Tortosa is located at 12 metres (39 feet) above sea level, by the Ebro river, protected on its northern side by the mountains of the Cardó Massif, of which Buinaca, one of the highest peaks, is located within Tortosa's municipal boundary.
Tortosa is probably identical to the ancient Hibera, capital of Ilercavonia. This may be the ancient settlement the remains of which have been found on the hill named Castillo de la Zuda. In Roman times, the town adopted the name Dertosa. After more than 400 years of Muslim rule, the city was conquered by the Count Ramon Berenguer IV of Barcelona in 1148, as part of the Second Crusade. Because of the crusading appeal made by Pope Eugene III and his representative Nicholas Brakespear (the future Pope Hadrian IV), the siege received the aid of crusaders from multiple nationalities (Genovese, Anglo-Normans, Normans, Southern-French, Germans, Flemish and Dutch), who were on their way to the Holy Land. The siege of Tortosa was narrated by the Genovese chronicler and diplomat Caffaro.
After its conquest, the city and its territory were divided among the victors, with multiple lands being granted to foreign crusaders and to the military and religious orders.
Formerly there was a railway line between Tortosa and Alcañiz, opening a communication gate between this region and Aragon. Construction work began in 1891, but it was haphazard and the first trains between Alcañiz and Tortosa began only in 1942. The last stretch between Tortosa and Sant Carles de la Ràpita was never completed before the line was terminated by RENFE in 1973.
- Castle of Sant Joan, or Suda, commanding the city from a 59-metre-high (194-foot) hill. Though the Romans were the first to fortify the place, the current structure dates to Muslim Caliph Abd ar-Rahman III. After the conquest by Ramon Berenguer IV, Count of Barcelona, in 1148, it became a residence of the Montcada and the Knights Templar, and from the 13th century it became a royal mansion.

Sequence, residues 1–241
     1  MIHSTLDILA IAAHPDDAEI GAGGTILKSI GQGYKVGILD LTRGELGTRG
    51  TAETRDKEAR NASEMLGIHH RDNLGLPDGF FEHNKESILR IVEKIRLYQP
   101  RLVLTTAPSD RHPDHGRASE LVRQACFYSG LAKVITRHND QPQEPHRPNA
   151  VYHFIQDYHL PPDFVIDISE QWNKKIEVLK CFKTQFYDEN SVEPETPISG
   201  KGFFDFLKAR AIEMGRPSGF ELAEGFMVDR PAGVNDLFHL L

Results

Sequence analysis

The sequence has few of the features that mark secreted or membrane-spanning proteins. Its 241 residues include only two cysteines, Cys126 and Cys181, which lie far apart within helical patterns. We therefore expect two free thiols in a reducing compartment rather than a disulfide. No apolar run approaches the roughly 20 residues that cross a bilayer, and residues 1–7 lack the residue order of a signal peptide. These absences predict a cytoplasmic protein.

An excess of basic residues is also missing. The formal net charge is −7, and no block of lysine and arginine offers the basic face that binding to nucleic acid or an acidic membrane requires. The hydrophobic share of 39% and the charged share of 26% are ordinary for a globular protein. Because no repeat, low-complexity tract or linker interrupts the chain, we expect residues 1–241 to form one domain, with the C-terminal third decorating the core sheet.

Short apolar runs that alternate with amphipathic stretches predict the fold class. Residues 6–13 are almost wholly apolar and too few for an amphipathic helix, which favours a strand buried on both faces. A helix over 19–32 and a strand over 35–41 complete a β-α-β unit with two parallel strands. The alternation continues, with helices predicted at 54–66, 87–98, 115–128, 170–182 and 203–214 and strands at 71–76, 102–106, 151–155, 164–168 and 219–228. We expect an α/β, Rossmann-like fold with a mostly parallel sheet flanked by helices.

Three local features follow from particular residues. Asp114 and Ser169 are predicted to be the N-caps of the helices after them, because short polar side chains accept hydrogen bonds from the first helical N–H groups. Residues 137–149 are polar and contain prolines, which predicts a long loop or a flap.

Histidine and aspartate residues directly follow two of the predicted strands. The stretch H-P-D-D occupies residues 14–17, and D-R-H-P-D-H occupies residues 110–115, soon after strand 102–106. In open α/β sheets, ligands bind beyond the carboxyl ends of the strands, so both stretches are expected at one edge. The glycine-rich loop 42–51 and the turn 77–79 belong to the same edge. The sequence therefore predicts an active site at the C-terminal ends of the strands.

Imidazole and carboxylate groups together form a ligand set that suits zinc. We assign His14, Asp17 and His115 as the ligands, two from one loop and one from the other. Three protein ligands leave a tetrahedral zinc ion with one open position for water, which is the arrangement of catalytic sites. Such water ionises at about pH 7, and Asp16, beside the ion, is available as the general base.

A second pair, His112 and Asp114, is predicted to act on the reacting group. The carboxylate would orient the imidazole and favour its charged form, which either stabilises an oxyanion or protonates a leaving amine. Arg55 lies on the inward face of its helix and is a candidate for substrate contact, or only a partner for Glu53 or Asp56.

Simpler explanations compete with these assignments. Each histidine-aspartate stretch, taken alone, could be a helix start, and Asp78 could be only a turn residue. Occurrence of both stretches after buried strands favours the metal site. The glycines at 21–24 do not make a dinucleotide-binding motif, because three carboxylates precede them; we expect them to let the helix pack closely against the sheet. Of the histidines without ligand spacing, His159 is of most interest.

- The Cathedral, begun in 1347 and consecrated in 1597.
- Bishop Palace.
- The Royal Schools. Founded by Charles V for the education of the Moors, are one of the best examples of Renaissance civil architecture in Catalonia. The architectural known as the Royal Colleges will consist of three buildings:
- The College of Sant Jaume i Sant Maties (it currently houses the local historical archive of Baix Ebre),
- the College of Sant Domènec i Sant Jordi,
- the church of Sant Domènec (now the Renaissance Interpretation Centre).
- Convent of Santa Clara, founded in 1283.
- The Rose street: Despuig Palace (14th century), Oriol Palace and Capmany Palace.
- Oliver de Boteller Palace (15th century)
- Walls and fortresses: Tenasses, Sitjar, Orleans...
- Architecture of the nineteenth and twentieth centuries: Municipal market, the old municipal slaughterhouse (Museum of Tortosa), Montagut Palace, house Pilar Fontanet, Temple of Repair, house Lamote (Siboni), house Brunet, Sabate clinic, house Ballester, house Bernardo Grego, house Pallares, house Camós, house Llorca, Teodoro González municipal park, etc.
- Air-raid shelter number 4 (Spanish Civil War) in Ernest Hemingway Street.
- Tortosa Cathedral and the permanent exhibition.
- The Museum of Tortosa.
- The Prince's Gardens, Santiago de Santiago's outdoor Sculpture Museum.
- The Renaissance Interpretation Centre (Church of Sant Domènec-The Royal Schools)
- The Holy Week Interpretation Center (Centre d'Interpretació de la Setmana Santa) is located in St. Anthony Abbot's Church.
Information collected from the following websites: